A bomb exploded outside a girls' school in northwestern Pakistan early Monday, wounding two police officers but injuring no students as classes had not yet begun, authorities said.
The bomb at the school in a suburb of Peshawar, capital of Khyber Pakhtunkhwa province, detonated as a counter-terrorism police vehicle drove by, officials said.
"Two counter terrorism department personnel were wounded in the IED (improvise explosive device)," Peshawar police chief Mohammad Tahir told AFP.
A second device was found nearby but was defused, he said.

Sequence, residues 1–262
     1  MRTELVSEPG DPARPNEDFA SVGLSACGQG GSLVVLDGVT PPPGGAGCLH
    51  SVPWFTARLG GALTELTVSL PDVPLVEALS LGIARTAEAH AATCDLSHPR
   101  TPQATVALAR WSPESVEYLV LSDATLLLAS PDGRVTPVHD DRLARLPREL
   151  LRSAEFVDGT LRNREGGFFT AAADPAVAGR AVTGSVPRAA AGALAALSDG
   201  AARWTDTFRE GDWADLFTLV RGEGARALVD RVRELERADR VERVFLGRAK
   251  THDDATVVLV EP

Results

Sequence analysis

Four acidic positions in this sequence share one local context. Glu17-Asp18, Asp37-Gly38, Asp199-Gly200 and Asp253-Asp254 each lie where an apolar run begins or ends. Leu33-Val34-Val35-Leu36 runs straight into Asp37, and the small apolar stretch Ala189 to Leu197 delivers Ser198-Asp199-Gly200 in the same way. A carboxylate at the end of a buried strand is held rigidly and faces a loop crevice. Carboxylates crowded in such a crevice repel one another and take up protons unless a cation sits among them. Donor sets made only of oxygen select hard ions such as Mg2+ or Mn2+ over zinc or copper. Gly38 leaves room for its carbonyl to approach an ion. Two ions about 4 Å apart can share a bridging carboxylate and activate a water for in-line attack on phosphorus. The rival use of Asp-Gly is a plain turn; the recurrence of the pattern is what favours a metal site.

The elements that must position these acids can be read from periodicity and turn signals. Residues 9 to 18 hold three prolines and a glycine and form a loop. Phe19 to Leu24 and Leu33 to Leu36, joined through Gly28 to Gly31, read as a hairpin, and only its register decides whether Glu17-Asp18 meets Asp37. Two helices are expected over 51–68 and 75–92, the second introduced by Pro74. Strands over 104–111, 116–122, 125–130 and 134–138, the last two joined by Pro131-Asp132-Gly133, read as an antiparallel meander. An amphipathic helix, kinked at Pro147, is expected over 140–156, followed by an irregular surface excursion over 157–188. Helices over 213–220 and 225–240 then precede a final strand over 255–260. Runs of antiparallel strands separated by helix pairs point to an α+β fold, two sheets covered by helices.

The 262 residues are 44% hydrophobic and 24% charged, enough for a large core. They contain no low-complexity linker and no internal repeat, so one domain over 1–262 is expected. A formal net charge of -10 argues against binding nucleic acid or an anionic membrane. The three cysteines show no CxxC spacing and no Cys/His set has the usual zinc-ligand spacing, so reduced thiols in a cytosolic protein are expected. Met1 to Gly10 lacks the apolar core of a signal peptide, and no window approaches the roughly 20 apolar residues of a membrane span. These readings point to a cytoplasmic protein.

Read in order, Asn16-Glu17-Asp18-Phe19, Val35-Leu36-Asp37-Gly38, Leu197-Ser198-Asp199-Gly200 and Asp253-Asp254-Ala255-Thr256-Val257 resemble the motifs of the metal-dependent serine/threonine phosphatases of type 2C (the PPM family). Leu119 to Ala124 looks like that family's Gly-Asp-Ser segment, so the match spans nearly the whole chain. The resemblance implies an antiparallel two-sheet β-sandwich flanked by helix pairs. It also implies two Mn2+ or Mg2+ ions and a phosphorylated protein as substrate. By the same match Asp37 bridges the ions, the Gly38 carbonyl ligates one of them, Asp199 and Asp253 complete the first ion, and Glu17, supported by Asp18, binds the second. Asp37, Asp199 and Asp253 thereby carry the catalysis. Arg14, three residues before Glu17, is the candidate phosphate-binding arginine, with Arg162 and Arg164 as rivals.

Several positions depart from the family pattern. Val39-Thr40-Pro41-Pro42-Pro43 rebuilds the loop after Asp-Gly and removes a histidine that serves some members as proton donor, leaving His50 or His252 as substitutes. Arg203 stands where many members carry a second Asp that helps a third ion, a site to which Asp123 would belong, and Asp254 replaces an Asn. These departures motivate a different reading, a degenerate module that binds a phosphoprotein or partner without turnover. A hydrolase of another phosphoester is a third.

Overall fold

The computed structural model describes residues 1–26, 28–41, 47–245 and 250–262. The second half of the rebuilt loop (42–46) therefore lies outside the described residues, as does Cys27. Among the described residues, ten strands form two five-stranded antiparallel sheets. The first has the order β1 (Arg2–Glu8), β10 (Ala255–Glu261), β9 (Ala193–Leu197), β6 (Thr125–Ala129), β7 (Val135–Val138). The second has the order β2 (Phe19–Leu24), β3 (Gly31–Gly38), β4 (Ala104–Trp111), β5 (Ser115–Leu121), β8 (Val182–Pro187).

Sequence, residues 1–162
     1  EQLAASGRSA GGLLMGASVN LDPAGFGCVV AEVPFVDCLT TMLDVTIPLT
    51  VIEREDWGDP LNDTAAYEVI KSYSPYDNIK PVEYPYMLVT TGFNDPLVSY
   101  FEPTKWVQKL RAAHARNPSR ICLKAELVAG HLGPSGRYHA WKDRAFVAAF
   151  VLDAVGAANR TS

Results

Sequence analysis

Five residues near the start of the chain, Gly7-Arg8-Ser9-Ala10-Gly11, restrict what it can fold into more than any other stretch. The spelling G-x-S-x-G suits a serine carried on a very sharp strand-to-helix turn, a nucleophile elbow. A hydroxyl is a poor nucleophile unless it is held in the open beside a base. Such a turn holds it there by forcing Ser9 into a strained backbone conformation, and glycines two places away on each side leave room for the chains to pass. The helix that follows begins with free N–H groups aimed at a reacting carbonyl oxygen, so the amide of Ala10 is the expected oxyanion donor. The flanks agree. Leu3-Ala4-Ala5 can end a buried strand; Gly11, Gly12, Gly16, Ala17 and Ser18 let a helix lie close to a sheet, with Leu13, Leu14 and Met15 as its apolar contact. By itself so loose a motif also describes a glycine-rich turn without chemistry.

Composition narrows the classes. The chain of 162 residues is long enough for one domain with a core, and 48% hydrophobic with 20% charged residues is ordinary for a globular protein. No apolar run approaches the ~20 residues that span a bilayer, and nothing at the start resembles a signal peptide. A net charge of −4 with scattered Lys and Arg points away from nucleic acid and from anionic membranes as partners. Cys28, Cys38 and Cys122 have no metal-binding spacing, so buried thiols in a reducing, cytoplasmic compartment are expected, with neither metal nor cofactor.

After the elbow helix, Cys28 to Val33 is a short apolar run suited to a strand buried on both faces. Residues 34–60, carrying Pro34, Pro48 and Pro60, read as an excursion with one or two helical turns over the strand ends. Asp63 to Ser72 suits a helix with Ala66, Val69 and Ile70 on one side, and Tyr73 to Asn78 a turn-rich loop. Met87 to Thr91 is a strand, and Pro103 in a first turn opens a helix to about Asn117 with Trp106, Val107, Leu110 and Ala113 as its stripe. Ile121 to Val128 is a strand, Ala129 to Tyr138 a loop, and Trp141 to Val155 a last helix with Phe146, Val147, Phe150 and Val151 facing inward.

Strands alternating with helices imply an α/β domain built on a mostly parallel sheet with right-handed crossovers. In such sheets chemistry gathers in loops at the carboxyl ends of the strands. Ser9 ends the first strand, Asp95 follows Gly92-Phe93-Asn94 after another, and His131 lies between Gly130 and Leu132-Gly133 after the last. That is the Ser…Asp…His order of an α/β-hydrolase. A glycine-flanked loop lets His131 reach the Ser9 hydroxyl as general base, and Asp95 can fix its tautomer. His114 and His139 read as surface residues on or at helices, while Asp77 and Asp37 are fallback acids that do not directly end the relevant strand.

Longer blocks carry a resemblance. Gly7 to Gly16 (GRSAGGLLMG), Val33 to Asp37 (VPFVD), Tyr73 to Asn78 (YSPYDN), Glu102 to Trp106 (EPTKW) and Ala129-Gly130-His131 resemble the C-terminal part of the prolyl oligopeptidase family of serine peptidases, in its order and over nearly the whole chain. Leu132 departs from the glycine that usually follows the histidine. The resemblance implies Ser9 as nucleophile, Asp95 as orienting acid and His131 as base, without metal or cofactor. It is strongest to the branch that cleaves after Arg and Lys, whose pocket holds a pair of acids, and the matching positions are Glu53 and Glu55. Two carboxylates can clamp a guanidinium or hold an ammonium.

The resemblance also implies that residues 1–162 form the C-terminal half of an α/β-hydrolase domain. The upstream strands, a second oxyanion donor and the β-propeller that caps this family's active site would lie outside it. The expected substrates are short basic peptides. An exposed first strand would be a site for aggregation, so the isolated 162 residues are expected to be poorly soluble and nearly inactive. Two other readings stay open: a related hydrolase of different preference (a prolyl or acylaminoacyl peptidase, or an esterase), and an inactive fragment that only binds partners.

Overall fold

The blast damaged the main gate of the school and some walls inside, Tahir added.
No group has yet claimed the responsibility for the attack, but Taliban militants opposed to girls' education have bombed hundreds of school in the northwest and tribal areas bordering Afghanistan.
Peshawar, which has suffered for years from militancy and unrest, was the site of Pakistan's deadliest ever attack, a Taliban assault on an army-run school in 2014 that left more than 150 people dead, most of them children.
That bloodshed scarred Pakistanis, already grimly accustomed to atrocities, spurring a crackdown that has seen militant violence drop significantly in the past two years.
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